• The pivot is at data[top].

Figure 9-27. The methods partition() and swap().

 1 /**
 2 * Choose one element of data in the region between bottom and top,
 3 * inclusive, as the pivot. Arrange the numbers so that those less
 4 * than or equal to the pivot are to the left of it and those
 5 * greater than the pivot are to the right of it. Return the final
 6 * position of the pivot.
 7 */
 8 protected static int partition(int[] data, int bottom, int top) {
 9 int pivot = data[top];
10 int firstAfterSmall = bottom;
11 for (int i = bottom; i < top; i++) {
12 if (data[i] <= pivot) {
13 swap(data, firstAfterSmall, i);
14 firstAfterSmall++;
15 }
16 }
17 swap(data, firstAfterSmall, top);
18 return firstAfterSmall;
19 }
20
21 /** Swap the elements of data at indices i and j. */
22 protected static void swap(int[] data, int i, int j) {
23 int temp = data[i];
24 data[i] = data[j];
25 data[j] = temp;
26 }

The index firstAfterSmall is the index of the first element that is not known to be small. When we swap element firstAfterSmall with element i on line 13, we are usually swapping element i with the first known large number. If there are no known large numbers yet, firstAfterSmall equals i, so we simply swap the element with itself; as desired, this has no effect.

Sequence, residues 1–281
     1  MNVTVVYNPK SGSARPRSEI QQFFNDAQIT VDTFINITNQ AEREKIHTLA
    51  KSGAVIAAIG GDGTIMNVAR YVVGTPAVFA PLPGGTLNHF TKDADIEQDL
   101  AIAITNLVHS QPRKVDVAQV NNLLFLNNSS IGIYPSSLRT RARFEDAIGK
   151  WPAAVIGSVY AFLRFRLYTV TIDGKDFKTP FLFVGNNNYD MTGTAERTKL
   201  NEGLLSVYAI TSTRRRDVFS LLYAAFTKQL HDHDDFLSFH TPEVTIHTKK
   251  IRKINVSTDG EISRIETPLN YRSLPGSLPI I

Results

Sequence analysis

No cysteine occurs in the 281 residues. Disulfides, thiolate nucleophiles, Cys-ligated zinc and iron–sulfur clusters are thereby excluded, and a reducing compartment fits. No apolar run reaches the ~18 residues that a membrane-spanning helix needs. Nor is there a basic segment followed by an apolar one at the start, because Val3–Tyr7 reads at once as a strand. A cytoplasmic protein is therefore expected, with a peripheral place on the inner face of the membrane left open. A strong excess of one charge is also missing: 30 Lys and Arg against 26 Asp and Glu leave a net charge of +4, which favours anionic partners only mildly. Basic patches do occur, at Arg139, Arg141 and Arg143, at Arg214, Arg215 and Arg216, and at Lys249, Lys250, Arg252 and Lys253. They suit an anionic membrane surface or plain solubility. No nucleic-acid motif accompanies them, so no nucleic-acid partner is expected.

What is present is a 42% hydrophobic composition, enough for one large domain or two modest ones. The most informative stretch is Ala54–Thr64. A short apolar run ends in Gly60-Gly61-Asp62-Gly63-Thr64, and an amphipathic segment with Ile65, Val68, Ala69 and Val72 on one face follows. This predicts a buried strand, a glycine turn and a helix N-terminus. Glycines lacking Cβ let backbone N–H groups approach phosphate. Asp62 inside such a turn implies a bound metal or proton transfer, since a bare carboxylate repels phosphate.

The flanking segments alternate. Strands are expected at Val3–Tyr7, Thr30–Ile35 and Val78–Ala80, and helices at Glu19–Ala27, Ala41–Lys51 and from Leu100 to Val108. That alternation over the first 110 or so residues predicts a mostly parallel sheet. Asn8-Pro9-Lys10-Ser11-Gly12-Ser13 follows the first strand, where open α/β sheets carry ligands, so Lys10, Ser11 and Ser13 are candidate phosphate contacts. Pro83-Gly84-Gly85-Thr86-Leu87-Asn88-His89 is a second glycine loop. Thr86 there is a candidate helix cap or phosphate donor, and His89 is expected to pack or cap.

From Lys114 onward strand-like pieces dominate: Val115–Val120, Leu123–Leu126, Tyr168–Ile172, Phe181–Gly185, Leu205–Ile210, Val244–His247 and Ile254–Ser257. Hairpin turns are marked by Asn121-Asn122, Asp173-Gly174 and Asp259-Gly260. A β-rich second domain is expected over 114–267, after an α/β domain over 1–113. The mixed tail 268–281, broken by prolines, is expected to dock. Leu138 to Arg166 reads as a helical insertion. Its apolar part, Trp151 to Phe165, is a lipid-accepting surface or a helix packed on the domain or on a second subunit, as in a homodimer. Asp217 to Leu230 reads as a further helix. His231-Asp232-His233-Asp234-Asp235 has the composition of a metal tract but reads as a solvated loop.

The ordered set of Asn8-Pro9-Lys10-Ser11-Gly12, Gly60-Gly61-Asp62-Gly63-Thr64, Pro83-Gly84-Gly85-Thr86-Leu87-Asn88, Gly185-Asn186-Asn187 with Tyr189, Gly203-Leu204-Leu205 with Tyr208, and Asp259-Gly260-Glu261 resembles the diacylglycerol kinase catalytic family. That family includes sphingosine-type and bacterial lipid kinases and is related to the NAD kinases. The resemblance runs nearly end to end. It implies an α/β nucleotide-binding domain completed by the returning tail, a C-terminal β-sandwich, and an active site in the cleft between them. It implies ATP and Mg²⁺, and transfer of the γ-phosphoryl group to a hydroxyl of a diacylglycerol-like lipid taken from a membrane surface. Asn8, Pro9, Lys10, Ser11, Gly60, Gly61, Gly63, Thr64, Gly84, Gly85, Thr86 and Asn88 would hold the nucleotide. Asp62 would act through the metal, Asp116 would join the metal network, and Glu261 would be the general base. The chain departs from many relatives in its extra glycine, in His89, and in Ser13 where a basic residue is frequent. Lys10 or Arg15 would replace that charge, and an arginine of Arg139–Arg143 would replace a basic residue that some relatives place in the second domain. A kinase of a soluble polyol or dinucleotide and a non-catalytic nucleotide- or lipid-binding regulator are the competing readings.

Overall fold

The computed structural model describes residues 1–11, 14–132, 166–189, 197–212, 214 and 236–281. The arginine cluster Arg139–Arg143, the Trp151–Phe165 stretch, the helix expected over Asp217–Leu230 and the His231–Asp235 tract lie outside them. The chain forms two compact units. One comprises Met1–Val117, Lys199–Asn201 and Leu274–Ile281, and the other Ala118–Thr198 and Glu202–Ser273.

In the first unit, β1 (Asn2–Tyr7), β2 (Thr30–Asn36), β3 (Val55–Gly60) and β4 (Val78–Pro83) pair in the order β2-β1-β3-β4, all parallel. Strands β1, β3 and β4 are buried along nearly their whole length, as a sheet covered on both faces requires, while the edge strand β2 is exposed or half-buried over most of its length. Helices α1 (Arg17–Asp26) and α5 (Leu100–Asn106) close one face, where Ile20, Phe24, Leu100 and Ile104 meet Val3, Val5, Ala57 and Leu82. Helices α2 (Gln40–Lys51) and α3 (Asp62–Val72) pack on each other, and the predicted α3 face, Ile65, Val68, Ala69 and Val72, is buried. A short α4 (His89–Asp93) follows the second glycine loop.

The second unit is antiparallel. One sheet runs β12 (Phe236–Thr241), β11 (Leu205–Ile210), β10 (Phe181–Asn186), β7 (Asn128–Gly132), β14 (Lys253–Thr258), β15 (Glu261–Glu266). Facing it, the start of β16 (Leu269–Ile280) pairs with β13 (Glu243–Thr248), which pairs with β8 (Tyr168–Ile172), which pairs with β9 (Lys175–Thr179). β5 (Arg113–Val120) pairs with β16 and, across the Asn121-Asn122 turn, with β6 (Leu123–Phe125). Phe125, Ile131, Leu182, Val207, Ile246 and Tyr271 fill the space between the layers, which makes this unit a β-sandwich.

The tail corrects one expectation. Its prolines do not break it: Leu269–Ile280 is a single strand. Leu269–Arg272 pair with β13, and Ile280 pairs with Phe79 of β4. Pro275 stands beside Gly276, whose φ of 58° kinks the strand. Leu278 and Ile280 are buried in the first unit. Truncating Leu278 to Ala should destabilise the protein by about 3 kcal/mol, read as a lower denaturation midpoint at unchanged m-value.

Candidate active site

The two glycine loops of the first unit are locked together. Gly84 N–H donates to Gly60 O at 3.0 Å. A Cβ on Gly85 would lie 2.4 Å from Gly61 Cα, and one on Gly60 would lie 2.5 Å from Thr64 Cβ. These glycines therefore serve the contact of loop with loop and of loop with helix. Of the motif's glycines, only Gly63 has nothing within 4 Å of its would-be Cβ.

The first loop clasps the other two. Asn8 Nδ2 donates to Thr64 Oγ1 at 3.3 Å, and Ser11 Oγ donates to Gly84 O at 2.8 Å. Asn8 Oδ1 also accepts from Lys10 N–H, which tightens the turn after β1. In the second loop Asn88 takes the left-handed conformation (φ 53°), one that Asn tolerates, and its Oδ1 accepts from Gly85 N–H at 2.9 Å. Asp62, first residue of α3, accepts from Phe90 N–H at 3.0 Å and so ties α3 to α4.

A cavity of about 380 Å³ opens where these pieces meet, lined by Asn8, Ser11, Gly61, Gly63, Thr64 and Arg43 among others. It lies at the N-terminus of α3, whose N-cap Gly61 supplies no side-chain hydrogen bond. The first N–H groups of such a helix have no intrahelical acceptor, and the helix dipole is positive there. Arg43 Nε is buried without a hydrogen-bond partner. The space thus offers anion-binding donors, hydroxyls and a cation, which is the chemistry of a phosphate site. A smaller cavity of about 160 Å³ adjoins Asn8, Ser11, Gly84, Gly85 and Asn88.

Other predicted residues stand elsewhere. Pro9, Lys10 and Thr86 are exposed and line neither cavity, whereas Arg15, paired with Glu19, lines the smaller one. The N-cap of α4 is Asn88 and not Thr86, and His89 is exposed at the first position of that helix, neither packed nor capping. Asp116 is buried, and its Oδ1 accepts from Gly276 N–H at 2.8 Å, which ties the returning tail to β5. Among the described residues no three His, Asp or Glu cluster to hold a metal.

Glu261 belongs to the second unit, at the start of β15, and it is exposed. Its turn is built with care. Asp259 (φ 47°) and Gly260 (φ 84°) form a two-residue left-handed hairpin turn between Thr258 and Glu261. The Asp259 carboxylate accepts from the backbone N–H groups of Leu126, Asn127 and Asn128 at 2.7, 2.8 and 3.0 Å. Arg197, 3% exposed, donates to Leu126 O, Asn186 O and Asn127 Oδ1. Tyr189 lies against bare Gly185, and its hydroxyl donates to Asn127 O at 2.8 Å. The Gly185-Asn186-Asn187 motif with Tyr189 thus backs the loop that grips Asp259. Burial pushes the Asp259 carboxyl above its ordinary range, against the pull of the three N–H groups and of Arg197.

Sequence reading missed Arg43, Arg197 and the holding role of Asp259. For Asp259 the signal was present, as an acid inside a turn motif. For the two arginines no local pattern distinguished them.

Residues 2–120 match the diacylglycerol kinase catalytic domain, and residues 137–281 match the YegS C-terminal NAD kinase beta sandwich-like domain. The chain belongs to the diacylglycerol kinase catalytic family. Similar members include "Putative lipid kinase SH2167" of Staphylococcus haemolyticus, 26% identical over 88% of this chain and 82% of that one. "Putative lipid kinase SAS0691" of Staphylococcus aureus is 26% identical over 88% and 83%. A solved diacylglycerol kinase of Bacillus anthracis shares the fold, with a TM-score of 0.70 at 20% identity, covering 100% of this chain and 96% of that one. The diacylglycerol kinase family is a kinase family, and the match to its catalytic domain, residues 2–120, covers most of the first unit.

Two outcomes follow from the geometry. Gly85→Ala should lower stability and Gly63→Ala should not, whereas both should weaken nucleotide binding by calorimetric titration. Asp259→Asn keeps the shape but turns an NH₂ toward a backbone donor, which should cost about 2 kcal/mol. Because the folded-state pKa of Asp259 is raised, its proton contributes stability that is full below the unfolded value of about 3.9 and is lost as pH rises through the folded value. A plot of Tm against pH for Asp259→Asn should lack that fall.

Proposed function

Similarly, on line 17, firstAfterSmall is the index of either the first large number or (if there are no large numbers) the pivot. In either case, swapping the pivot into this position is correct.

Analysis of Quicksort

An invocation of partition() takes time linear in the length of the array being sorted, because there are n passes through the loop. What about quicksortHelper()? Partitioning a region of size n as evenly as possible, we might end up with small numbers and images/U230A.jpg border=0> large numbers. We ignore the floor and ceiling by assuming that